The Republican presidential race remained unclear. U.S Rep. Michelle Bachman from Minnesota, businessman Herman Cain and Texas Gov. Rick Perry, who kicked off his bid in Charleston, all led polls at one time. But they later fell far behind former Massachusetts Gov. Mitt Romney, who has stayed level in second place. Former U.S. House Speaker Newt Gingrich was the latest at the top, but the polls hadn't had time to digest Haley's decision to endorse Romney.
The year saw several tragedies, too. Somehow for nearly 11 months, South Carolina missed a number of natural disasters, whether it was tornadoes that killed dozens in North Carolina; Hurricane Irene, which just brushed the state's coast; or dozens of other tornadoes that killed hundreds across the Southeast and Midwest. But the year's final killer tornado struck in York County in November. Three people died, pushing the death toll from tornadoes in the United States in 2011 to more than 550 people.
In Pickens County, a 48-year-old woman remains in jail awaiting trial on four counts of murder after deputies said she shot her ex-husband, stepmother and two sons in two homes in Liberty. Authorities said she tried to stage the crime scene to make it look like a murder-suicide committed by one of her sons, saying she was upset because he didn't think enough people properly remembered her birthday. Susan Hendricks maintained her innocence, and her lawyer said she has been taking drugs for years to treat mental problems.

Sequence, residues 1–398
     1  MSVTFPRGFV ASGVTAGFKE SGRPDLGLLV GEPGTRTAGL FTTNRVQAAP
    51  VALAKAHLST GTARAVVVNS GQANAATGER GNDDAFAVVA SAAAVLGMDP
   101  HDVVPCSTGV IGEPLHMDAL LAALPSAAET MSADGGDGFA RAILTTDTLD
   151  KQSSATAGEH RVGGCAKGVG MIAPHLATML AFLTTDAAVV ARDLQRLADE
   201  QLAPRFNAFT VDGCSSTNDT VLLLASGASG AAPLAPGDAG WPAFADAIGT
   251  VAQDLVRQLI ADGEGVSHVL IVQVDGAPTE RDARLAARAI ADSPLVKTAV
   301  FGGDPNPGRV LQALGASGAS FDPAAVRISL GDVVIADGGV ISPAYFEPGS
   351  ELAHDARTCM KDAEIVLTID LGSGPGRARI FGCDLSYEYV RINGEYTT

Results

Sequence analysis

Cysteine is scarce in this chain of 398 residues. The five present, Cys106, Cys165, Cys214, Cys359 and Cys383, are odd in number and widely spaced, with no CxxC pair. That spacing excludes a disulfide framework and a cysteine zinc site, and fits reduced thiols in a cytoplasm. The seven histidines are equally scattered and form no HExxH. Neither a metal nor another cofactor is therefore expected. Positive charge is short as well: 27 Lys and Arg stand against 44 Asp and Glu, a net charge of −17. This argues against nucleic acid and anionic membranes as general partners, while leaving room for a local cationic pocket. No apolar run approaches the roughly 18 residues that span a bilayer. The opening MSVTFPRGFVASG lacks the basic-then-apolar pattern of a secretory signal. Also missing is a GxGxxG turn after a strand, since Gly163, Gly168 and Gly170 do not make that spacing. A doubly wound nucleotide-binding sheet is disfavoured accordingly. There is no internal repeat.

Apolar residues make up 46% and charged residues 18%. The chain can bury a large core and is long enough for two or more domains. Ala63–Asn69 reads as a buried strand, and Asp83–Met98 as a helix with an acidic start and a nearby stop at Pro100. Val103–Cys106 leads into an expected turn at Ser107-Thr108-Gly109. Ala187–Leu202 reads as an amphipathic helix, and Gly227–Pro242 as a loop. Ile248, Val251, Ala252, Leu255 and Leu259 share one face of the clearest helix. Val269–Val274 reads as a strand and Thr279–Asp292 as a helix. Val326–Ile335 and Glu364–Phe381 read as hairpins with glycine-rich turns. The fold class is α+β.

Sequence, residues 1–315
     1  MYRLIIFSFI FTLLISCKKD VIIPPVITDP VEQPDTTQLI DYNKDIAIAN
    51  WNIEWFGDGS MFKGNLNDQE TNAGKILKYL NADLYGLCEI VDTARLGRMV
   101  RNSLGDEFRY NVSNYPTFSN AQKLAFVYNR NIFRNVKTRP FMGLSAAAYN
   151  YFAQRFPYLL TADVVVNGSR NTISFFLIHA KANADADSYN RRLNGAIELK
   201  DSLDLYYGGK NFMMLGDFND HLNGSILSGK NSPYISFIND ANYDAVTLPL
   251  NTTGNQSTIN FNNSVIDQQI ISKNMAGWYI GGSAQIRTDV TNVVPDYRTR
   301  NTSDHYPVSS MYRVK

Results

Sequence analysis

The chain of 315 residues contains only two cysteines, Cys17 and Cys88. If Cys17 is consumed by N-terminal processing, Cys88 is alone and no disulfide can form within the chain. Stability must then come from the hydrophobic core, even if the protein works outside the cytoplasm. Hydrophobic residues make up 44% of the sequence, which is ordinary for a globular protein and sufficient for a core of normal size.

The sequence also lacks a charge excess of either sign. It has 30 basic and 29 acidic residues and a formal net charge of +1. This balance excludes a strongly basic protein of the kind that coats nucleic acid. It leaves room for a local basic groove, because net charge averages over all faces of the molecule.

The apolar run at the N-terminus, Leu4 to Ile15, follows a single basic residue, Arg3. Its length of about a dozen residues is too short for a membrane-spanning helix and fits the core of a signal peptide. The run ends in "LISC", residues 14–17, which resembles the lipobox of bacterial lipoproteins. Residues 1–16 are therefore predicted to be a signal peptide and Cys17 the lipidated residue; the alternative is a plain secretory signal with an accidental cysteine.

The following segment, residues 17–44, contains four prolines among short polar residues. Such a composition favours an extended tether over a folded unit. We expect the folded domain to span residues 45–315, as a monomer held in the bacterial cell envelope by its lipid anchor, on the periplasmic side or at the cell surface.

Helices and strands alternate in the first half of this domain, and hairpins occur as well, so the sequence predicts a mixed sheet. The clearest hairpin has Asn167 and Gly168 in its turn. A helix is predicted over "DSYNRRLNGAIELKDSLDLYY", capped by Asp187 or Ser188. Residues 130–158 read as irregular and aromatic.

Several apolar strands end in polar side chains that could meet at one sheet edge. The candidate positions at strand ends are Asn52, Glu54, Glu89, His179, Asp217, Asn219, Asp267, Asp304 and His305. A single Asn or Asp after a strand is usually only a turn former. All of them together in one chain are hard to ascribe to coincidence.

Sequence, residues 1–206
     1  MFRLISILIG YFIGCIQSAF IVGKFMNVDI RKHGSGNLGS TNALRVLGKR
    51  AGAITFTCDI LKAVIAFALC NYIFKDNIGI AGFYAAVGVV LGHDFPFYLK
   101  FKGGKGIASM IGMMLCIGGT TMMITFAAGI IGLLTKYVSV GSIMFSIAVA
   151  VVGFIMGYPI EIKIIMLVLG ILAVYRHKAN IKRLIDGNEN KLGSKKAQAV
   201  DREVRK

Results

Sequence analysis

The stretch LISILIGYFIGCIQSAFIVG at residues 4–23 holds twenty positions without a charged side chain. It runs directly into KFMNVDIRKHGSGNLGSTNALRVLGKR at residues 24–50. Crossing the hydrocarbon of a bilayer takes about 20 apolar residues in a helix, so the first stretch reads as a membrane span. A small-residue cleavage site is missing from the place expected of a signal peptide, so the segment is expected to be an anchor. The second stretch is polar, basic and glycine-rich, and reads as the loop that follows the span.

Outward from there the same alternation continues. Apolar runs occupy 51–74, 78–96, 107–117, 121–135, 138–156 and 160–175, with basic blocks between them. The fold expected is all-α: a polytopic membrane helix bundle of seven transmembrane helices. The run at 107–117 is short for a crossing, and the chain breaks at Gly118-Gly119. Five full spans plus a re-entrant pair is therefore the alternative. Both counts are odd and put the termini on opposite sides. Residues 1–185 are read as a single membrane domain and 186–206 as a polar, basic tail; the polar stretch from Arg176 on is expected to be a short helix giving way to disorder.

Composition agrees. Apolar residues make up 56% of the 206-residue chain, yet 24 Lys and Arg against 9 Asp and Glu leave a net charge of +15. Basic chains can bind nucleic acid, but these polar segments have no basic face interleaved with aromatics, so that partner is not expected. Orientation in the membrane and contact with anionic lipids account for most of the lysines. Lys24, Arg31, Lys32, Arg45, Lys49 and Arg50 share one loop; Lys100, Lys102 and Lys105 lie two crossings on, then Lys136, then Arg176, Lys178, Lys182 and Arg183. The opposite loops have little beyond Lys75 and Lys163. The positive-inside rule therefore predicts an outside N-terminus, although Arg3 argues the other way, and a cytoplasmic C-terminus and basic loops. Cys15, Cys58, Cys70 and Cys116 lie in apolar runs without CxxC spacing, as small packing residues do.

And as always in South Carolina, old times were not forgotten. The state marked the 150th anniversary of the first shots of the Civil War at Fort Sumter with a number of ceremonies. The National Park Service made several efforts to include blacks with lectures on slavery and black fighting units, but African-Americans stayed away. It was a far cry from the centennial of the Civil War, which was much more of a celebration that included raising the Confederate flag atop the Statehouse dome, where it would remain flying for nearly 40 years.
As for Haley, she is always looking forward, instead of back. The Confederate flag still flies on a pole on Statehouse grounds, but she dismisses it by pointing out having a minority woman as governor sends its own message about the progressive nature of her home state. And as for the "it's a great day in South Carolina" greeting, Haley isn't backing down from that, either.
"As hokey as some people may think it is, I'm selling South Carolina as this great, new, positive state," she said.
The question for 2012: Can Haley make the great days outnumber the bad?